The Japanese Malaise:
Problems and Possible Solutions
Japan History

Research Report
Web Resources



This site investigates the problems leading to Japanís bubble economy of the 1980s.  It focuses on the speculation in the securities market and real estate as well as looking at governmentís role in the problem.  This report will also offer possible solutions as proposed by leading experts in the field and the IMF.

Historical Background

In 30 short years after the devastation of the Second World War, Japan went from being a nation in ruin to the second largest economy.  The world watched in amazement as Japan moved from one stunning economic miracle to the next.  By late 1989, it seemed to be doing the impossible.  Inflation was almost nonexistent.  Unemployment held low at 2.2 Ė 2.3 percent.  The economy continued to grow rapidly as well as having a large trade surplus.  The Nikkei 225 soared to record heights and seemed poised to surpass 40,000 in the new year. (Miller)  Even Peter Lynch wrote in his classic One Up on Wall Street that the Japanese success was more that another "tulip craze." (Surowiecki) Lynch in a sense was right.  There were fundamental differences between the speculation in Japan and in Holland four centuries before.  But just his book published in 1990, the bubble burst.

Research Report

The causes behind Japanís economic woes of the past decade are many and varied.  But certain themes do emerge.  On the surface, much of the blame gets placed on the wild speculation of the 1980s.  Rightfully so.  The Nikkei was grossly overvalued.  No investment seemed too outlandish to invest in.  It was claimed that American physicists had achieved cold fusion.  Japanese investors clamored to purchase shares of any firm that had potential relationship to cold fusion processes, thereby driving up share prices.  (Cold fusion was later to be shown unproven). (Miller)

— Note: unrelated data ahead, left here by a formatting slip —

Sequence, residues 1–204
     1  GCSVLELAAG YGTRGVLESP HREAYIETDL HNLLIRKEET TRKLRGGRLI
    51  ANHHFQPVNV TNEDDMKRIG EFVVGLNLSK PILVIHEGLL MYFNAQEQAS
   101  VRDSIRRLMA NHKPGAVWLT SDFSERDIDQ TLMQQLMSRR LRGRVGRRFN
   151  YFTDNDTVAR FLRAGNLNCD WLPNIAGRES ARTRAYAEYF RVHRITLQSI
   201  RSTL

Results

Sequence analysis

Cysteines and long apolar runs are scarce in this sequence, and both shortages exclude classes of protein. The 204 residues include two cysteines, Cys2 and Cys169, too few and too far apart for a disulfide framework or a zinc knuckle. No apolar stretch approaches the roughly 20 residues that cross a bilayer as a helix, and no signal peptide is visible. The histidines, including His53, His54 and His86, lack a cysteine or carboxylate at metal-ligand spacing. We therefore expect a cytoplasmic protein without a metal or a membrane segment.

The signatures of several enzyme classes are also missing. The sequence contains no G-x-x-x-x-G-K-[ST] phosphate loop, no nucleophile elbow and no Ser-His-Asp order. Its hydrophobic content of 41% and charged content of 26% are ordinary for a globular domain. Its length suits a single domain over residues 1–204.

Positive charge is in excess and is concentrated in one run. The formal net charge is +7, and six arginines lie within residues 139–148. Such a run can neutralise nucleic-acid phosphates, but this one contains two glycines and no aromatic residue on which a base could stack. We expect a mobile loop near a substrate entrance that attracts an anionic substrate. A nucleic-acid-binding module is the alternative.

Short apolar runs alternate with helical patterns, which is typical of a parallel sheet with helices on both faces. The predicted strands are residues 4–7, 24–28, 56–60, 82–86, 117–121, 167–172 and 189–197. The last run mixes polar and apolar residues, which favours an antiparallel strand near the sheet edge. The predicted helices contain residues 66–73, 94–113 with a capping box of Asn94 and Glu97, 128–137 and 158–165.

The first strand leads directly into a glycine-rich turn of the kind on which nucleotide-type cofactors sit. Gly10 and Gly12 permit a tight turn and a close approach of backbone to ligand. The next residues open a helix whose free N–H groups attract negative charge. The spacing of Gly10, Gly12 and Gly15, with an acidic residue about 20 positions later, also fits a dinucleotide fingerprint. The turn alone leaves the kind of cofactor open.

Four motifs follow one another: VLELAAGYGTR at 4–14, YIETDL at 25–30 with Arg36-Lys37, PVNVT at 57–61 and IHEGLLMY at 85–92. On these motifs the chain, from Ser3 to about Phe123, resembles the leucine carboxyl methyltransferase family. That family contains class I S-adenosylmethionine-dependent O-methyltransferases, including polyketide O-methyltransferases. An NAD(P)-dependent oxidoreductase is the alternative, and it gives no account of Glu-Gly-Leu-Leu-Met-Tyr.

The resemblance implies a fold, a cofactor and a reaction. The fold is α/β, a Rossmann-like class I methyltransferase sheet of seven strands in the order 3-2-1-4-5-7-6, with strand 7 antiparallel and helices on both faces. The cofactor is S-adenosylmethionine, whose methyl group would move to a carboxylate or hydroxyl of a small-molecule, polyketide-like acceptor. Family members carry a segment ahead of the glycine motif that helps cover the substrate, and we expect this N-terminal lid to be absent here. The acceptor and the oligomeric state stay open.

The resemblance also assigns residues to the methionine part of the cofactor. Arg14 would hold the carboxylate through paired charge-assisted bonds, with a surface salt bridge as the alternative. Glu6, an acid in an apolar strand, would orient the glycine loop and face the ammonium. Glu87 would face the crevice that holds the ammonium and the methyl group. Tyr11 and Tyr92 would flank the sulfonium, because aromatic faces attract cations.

Beyond the Nikkei, the speculation spread into real estate.  In Tokyo, prices more than doubled in four years.  In 1988, Tokyo residential prices per annum rose by 70 percent while commercial rose nearly 80 percent.  Soon other areas, such as Osaka and Nagoya, followed suit. (Miller)

Much of the speculation was fueled by competition between commercial banks, which dominated into the 1980s, and the rising influence of securities.  In the same manner, there is a close relation between the property and equity markets at the time.  The dramatic increase in real estate prices put owning a home out of reach for the younger generation and forced them to remain longer with their parents.  This decrease in expenditures on homes increased the savings rates, channeling a great deal of money into equity market investments. (Miller)